Pre-whaling abundance of the endangered North Atlantic right whale

Monsarrat, S., Pennino, M.G., Smith, T.D., Reeves, R.R., Meynard, C.N., Kaplan, D.M. & Rodrigues, A.S.L. (2016). A spatially explicit estimate of the prewhaling abundance of the endangered North Atlantic right whale. Conservation Biology, 30, 783–791.

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Abstract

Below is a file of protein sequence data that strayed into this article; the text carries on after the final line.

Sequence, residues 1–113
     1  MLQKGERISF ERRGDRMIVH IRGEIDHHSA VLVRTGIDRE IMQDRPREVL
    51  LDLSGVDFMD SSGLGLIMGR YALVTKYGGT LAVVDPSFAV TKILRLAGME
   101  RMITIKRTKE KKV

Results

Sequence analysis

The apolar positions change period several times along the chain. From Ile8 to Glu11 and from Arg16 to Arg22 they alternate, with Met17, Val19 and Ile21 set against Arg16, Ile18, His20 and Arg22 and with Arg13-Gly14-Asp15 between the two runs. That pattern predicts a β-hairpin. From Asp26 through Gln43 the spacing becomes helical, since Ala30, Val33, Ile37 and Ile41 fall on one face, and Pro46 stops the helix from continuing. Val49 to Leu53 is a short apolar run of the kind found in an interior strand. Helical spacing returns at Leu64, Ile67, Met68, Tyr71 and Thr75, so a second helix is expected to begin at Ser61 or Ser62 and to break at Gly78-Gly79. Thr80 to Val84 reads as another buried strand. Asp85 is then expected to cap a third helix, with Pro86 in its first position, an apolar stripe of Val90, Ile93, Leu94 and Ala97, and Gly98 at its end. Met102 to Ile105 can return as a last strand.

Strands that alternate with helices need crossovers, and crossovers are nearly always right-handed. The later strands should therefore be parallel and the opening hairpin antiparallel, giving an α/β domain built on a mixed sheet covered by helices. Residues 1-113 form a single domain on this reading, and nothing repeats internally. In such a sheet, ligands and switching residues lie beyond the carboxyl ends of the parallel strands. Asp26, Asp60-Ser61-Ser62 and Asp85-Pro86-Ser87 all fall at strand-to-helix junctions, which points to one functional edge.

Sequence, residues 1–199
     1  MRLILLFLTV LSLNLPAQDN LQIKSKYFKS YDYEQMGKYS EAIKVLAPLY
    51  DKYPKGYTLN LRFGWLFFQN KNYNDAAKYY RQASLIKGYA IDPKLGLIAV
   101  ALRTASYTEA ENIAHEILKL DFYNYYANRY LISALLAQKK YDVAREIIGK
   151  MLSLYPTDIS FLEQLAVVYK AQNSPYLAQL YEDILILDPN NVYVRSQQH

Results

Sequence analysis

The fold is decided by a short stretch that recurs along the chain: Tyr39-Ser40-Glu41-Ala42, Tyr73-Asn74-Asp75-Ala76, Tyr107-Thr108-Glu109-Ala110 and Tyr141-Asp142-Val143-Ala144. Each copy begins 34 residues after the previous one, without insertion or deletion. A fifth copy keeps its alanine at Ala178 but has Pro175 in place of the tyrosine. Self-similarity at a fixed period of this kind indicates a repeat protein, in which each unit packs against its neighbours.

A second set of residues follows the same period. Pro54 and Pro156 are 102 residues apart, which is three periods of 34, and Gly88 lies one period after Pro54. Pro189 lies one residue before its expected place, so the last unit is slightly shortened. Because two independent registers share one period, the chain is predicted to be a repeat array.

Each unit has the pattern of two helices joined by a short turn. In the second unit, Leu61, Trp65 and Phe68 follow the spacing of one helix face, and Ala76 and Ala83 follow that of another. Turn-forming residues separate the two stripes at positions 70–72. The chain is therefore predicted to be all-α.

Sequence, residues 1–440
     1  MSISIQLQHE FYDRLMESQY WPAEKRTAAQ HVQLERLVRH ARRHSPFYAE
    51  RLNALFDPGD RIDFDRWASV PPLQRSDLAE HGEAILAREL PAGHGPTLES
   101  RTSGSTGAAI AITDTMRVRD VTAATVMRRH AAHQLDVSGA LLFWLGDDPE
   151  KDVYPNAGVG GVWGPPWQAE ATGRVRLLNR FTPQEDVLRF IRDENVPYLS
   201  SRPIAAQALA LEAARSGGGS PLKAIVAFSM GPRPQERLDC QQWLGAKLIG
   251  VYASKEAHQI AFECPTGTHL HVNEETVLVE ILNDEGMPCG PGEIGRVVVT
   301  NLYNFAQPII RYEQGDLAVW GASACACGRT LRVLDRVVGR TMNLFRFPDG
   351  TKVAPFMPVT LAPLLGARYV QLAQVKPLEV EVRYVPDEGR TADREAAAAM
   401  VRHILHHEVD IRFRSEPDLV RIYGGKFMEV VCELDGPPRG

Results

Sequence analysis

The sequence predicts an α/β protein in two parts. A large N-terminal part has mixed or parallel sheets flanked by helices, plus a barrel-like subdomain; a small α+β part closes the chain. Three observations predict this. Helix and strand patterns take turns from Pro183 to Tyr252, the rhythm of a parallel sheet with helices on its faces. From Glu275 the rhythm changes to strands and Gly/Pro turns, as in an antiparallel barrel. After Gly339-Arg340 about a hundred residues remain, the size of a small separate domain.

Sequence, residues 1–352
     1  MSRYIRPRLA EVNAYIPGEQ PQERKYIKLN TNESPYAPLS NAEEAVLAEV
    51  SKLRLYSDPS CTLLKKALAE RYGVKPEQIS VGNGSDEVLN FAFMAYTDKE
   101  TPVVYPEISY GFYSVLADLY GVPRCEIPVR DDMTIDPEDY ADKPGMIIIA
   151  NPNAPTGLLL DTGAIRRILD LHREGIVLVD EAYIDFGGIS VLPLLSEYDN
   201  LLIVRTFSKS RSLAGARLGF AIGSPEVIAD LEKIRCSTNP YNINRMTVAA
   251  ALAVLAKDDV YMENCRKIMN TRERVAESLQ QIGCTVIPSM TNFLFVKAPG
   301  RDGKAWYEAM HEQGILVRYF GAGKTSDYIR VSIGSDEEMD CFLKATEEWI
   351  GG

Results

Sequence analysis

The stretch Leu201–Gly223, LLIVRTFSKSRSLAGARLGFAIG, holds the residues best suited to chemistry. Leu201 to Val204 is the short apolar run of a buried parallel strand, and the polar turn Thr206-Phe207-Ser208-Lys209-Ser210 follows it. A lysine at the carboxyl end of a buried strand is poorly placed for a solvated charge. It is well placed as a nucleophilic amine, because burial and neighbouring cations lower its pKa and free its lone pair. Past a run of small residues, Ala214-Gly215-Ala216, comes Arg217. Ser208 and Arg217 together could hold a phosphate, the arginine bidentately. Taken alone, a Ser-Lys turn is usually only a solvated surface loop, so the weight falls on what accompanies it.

The North Atlantic right whale (NARW) (Eubalaena glacialis) is one of the world’s most threatened whales. It came close to extinction after nearly a millennium of exploitation and currently persists as a population of only approximately 500 individuals. Setting appropriate conservation targets for this species requires an understanding of its historical population size, as a baseline for measuring levels of depletion and progress toward recovery. This is made difficult by the scarcity of records over this species’ long whaling history. We sought to estimate the pre-exploitation population size of the North Atlantic right whale and understand how this species was distributed across its range. We used a spatially explicit data set on historical catches of North Pacific right whales (NPRWs) (Eubalaena japonica) to model the relationship between right whale relative density and the environment during the summer feeding season. Assuming the 2 right whale species select similar environments, we projected this model into the North Atlantic to predict how the relative abundance of NARWs varied across their range. We calibrated these relative abundances with estimates of the NPRW total pre-whaling population size to obtain high and low estimates for the overall NARW population size prior to exploitation. The model predicted 9,075-21,328 right whales in the North Atlantic. The current NARW population is thus <6% of the historical North Atlantic carrying capacity and thus has enormous potential for recovery. According to the model, in June-September NARWs were concentrated in two main feeding areas: east of the Grand Banks of Newfoundland and in the Norwegian Sea. These two areas may become important in the future as feeding grounds and may already be used more regularly by this endangered species than is thought.